Netflix’s ‘Luke Cage’: Part of a New, Quiet Revolution in Entertainment

October 3, 2016, 11:15 PM UTC
"Luke Cage" New York Premiere
NEW YORK, NY - SEPTEMBER 28: The cast of 'Luke Cage' attend the 'Luke Cage' New York Premiere at AMC Magic Johnson Harlem on September 28, 2016 in New York City. (Photo by Gilbert Carrasquillo/FilmMagic)
Photography by Gilbert Carrasquillo FilmMagic

On Saturday, the streaming service Netflix went down for two hours, prompting entertainment seekers to take to Twitter to gleefully speculate: Did Luke Cage break Netflix?

The outage came just one day after Marvel’s Luke Cage series debuted its first season, 13 episodes of super-strength drama. The series is based on the Marvel Comics character of the same name, a soulful and conflicted former convict with superhuman strength, unbreakable skin and an aversion to cursing.

Even the Twitter account for the series got in on the fun:



When the service was restored, the binge-watching happily continued.

A reviewer for the New York Times, however, was not so lucky. From Mike Hale’s review:

“But if you make the inevitable comparison to “Jessica Jones,” the show from which it was semispun off, it looks decidedly average. Mr. Colter was better served there, playing a stoic Cage in a supporting role — here he doesn’t seem comfortable carrying the show. And “Jones” pulled off the trick of being both a compelling narrative and a smart, frightening commentary (in that case, on predatory male behavior). “Cage” tries to do a similar thing with racial politics but gets lost in platitudes. Its messages don’t get under your skin.”

Black Twitter stopped just short of showing up at his home and demanding his critic’s credentials.

From filmmaker Xavier Burgin:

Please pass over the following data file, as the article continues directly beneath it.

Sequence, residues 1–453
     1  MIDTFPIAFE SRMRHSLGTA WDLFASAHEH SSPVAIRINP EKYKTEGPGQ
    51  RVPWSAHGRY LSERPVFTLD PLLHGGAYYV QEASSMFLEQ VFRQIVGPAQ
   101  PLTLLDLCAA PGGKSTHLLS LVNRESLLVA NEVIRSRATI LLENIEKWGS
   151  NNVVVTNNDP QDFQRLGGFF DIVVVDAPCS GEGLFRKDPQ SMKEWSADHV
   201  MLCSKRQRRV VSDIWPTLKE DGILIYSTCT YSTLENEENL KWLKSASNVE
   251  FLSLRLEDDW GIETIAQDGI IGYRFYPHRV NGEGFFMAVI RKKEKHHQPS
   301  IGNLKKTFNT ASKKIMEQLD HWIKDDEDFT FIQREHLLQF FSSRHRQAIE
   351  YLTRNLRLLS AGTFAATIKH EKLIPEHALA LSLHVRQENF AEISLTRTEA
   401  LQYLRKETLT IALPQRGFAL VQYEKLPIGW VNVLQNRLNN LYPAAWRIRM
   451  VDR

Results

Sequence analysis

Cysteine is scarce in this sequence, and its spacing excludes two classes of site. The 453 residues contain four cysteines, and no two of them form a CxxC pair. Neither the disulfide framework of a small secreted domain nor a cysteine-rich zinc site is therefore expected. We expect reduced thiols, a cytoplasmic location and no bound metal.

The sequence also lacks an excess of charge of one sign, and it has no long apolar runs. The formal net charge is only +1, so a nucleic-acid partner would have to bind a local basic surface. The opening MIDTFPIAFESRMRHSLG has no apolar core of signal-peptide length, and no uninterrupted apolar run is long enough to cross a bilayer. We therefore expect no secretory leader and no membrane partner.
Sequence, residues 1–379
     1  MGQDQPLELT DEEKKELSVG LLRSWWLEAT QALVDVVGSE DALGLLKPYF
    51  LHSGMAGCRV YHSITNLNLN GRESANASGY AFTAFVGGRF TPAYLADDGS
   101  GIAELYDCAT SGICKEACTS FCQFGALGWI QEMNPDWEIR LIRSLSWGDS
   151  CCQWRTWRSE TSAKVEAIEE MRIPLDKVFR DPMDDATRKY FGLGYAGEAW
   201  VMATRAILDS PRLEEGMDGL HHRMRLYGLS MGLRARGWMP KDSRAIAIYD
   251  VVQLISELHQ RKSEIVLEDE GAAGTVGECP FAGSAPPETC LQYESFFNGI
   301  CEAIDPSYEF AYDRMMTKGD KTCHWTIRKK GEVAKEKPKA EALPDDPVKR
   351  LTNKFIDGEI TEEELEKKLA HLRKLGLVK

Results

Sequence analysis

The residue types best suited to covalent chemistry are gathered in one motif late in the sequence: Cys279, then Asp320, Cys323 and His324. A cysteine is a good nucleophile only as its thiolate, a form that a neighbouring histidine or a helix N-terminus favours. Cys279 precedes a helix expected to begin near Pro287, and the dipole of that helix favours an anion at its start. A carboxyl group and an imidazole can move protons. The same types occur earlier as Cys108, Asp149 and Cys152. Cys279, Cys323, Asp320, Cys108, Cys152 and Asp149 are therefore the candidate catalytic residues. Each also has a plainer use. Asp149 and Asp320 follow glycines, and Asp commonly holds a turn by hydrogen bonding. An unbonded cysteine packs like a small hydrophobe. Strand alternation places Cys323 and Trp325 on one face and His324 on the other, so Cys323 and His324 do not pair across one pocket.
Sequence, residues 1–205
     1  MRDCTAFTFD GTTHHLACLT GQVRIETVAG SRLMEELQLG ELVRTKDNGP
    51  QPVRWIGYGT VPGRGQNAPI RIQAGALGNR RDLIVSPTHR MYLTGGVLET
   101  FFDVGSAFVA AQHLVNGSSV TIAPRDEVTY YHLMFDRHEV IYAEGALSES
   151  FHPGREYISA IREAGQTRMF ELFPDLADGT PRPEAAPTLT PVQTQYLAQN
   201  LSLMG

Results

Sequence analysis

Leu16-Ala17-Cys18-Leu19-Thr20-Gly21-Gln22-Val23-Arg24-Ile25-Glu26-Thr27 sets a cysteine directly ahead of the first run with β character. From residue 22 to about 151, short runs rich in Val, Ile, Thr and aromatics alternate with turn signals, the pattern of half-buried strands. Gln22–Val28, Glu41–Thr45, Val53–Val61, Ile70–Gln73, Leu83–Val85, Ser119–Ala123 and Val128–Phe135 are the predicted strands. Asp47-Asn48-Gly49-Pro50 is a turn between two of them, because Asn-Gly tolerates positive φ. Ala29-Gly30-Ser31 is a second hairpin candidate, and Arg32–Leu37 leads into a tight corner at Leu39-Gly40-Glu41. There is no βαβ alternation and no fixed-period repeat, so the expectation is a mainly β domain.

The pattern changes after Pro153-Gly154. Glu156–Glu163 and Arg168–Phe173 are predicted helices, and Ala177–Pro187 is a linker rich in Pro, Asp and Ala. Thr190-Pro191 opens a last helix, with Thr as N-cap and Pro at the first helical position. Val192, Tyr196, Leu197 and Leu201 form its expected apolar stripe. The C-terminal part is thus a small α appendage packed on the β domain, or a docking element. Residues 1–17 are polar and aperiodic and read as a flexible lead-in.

Luke Cage fans may not have broken the internet, but the series itself is a breakthrough. Where it may fail to follow the logic and complexities of the Marvel Universe (which I do not pretend to understand), it absolutely does take us into new territory on black masculinity and heroism, abandoning old tropes about black male strength that were both exploitative and diminishing.


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The series is filled with sly references to black achievement which, granted, may grate on some. But their real value is not as a cobbled-together history lesson, but as context for a neighborhood, Harlem, that has a very specific value worth protecting. (Although a lively online discussion about Crispus Attucks, the first person killed in the Boston Massacre, actually happened.) And the real issues that urban black communities face – from gentrification, to overpolicing, and of course, crime – all come into play here, but expressed from the points of view of real black characters.

Thanks to the recent addition of OWN’s Queen Sugar, Ava DuVernay’s series about a black family from Louisiana, and Donald Glover’s extraordinary FX series Atlanta, mainstream audiences now have an embarrassment of “diverse” entertainment riches to from which to choose. They’re diversity reimagined: Because these shows are populated by fully realized characters behaving authentically, we don’t have to know someone exactly like them to understand them. They also herald the return of the artist. Atlanta, which is a revelation on many levels, not only boasts an all-black writer’s room, unheard of in television, several of them have never written for television before. There’s no diversity algorithm or checklist in sight.

And yes, sometimes it’s personal. I’ll admit that it was a singular thrill to watch the hunky Mike Colter, who plays Cage, defend the Harlem village that helped raise me. But what Luke Cage, Queen Sugar and Atlanta all do so well is transform formerly invisible people into characters whose humanity becomes clear. And that makes them neighbors worth fighting for.


Ellen McGirt is a senior editor at Fortune.